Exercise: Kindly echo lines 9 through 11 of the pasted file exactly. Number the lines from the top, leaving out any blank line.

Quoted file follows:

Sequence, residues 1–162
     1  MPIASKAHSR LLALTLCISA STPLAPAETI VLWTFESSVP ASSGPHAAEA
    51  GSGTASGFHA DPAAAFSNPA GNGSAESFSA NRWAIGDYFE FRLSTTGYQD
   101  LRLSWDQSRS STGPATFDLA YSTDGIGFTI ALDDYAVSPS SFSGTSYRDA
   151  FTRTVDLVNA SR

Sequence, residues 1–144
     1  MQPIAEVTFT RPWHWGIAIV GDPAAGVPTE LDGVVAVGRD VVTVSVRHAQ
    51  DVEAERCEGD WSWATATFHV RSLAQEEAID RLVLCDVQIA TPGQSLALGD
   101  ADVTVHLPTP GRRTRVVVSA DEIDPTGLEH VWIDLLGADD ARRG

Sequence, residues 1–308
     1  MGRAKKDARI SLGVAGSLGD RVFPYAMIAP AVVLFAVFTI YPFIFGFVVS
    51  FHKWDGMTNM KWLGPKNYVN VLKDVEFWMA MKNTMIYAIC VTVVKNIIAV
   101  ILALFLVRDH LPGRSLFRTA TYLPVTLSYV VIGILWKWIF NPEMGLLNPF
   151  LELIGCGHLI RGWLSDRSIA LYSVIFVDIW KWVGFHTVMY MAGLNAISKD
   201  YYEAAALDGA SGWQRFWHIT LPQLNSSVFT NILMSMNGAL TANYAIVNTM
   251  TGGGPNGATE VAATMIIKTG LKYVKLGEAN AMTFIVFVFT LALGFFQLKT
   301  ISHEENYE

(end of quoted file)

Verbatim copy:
   101  ADVTVHLPTP GRRTRVVVSA DEIDPTGLEH VWIDLLGADD ARRG

Sequence, residues 1–308
     1  MGRAKKDARI SLGVAGSLGD RVFPYAMIAP AVVLFAVFTI YPFIFGFVVS